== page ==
May 4, 2018: FEBS Letters
Samir Abu-Rumeileh, Sabina Capellari, Piero Parchi
Rapidly progressive Alzheimer's disease (rpAD) has recently been recognized as a clinical disease subtype characterized by rapidly progressive cognitive decline and/or short disease duration, and the possible occurrence of early focal neurological signs. Consistently, rpAD represents a relatively frequent alternative diagnosis among cases referred as possible or probable Creutzfeldt-Jakob disease (CJD) to surveillance centers for prion disease worldwide. Indeed, the early clinical differential diagnosis between the two disorders can be challenging given the partial overlap in clinical features and cerebrospinal fluid (CSF) levels of the protein surrogate markers 14-3-3 and total-tau...
April 25, 2018: Journal of Alzheimer's Disease: JAD
Ajay Ashok, Neena Singh
The prion protein (PrPC ), a mainly neuronal protein, is known to modulate glucose homeostasis in mouse models. We explored the underlying mechanism in mouse models and the human pancreatic β-cell line 1.1B4. We report expression of PrPC on mouse pancreatic β-cells, where it promoted uptake of iron through divalent-metal-transporters. Accordingly, pancreatic iron stores in PrP knockout mice (PrP-/- ) were significantly lower than wild type (PrP+/+ ) controls. Silencing of PrPC in 1.1B4 cells resulted in significant depletion of intracellular (IC) iron, and remarkably, upregulation of glucose transporter GLUT2 and insulin...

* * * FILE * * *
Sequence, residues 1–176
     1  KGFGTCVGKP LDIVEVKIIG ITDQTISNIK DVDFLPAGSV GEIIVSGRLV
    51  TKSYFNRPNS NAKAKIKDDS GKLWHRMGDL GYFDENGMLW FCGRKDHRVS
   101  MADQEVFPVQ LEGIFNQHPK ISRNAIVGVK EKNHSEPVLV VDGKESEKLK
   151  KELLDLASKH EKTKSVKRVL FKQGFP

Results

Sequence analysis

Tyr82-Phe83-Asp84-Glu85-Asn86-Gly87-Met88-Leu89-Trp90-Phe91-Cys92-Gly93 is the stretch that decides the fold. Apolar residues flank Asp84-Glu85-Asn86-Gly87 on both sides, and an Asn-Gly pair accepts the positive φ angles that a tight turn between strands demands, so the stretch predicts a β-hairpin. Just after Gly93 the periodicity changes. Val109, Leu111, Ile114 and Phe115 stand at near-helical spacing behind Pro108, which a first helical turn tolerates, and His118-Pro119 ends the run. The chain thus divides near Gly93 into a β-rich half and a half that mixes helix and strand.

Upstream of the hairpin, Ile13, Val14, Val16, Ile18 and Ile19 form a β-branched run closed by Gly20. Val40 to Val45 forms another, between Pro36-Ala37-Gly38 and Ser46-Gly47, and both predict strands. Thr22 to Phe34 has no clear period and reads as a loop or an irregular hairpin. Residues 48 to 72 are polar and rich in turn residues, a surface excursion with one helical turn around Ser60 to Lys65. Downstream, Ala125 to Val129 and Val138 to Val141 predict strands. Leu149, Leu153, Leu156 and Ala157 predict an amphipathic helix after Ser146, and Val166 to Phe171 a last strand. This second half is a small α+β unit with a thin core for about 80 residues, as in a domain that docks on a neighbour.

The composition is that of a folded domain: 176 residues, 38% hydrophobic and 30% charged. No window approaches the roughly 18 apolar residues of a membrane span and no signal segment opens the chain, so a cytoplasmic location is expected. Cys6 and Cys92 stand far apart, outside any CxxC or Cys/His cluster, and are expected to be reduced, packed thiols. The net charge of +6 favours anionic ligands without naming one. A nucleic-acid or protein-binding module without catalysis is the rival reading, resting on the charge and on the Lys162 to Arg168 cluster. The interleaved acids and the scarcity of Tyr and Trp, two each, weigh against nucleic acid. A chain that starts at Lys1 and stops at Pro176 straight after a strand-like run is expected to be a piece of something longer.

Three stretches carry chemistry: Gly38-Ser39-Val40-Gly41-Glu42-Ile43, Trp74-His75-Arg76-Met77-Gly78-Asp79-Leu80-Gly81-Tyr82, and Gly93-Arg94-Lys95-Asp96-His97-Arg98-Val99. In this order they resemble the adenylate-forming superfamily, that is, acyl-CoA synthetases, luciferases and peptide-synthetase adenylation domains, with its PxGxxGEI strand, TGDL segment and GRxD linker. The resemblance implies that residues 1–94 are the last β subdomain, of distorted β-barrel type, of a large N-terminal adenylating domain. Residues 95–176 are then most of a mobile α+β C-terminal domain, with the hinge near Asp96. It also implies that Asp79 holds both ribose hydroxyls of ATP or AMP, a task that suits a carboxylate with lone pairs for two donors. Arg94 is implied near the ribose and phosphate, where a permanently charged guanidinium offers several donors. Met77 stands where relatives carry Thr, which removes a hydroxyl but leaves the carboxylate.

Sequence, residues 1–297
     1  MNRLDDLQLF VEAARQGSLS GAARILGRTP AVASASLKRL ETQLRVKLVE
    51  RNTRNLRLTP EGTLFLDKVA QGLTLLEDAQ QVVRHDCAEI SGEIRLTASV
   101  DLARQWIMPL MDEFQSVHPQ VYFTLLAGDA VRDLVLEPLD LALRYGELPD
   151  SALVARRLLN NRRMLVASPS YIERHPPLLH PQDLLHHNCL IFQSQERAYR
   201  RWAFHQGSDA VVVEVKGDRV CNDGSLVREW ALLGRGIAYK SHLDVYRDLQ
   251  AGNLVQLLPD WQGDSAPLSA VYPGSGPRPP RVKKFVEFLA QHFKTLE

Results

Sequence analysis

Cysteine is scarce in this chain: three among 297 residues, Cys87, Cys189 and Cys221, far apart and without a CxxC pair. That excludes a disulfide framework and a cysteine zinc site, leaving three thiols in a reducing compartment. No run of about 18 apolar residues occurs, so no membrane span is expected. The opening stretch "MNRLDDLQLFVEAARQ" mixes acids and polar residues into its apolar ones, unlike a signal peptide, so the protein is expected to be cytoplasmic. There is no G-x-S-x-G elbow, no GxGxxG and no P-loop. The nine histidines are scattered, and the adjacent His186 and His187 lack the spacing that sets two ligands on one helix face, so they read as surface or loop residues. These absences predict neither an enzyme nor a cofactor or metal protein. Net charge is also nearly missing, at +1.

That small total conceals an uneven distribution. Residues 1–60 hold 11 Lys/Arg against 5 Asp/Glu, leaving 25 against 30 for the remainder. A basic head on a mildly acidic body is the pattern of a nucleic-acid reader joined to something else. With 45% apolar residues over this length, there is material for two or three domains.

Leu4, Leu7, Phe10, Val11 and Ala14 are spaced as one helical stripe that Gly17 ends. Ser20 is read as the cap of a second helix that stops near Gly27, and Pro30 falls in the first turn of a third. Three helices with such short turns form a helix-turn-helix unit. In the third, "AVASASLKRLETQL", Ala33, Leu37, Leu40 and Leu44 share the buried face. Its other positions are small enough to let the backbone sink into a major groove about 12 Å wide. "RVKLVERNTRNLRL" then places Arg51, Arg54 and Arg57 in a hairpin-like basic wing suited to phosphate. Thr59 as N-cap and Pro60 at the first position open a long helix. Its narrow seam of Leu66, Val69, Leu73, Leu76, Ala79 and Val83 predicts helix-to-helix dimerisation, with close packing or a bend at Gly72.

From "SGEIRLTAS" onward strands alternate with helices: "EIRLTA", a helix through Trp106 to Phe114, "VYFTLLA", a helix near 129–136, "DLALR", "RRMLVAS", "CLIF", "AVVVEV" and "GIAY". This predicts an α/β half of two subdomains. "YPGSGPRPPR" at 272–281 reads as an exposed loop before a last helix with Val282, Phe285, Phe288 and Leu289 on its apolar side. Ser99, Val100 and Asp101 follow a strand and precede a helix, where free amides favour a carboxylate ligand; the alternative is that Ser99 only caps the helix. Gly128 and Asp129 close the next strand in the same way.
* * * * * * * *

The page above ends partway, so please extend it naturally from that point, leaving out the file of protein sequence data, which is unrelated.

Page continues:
April 26, 2018: Scientific Reports
N Siva Subramaniam, C S Bawden, H Waldvogel, R M L Faull, G S Howarth, R G Snell
Neurodegenerative diseases (NDDs) are incapacitating disorders that result in progressive motor and cognitive impairment. These disease include Alzheimer's disease the most common cause of dementia, frontotemporal dementia, amyotrophic lateral sclerosis, dementia with Lewy bodies, Parkinson's, Huntington's, Friedreich's ataxia, and prion disease. Dementia causing NDDs impose a high social and economic burden on communities around the world. Rapid growth in knowledge regarding the pathogenic mechanisms and disease-associated biomarkers of these diseases in the past few decades have accelerated the development of new diagnostic methods and therapeutic opportunities...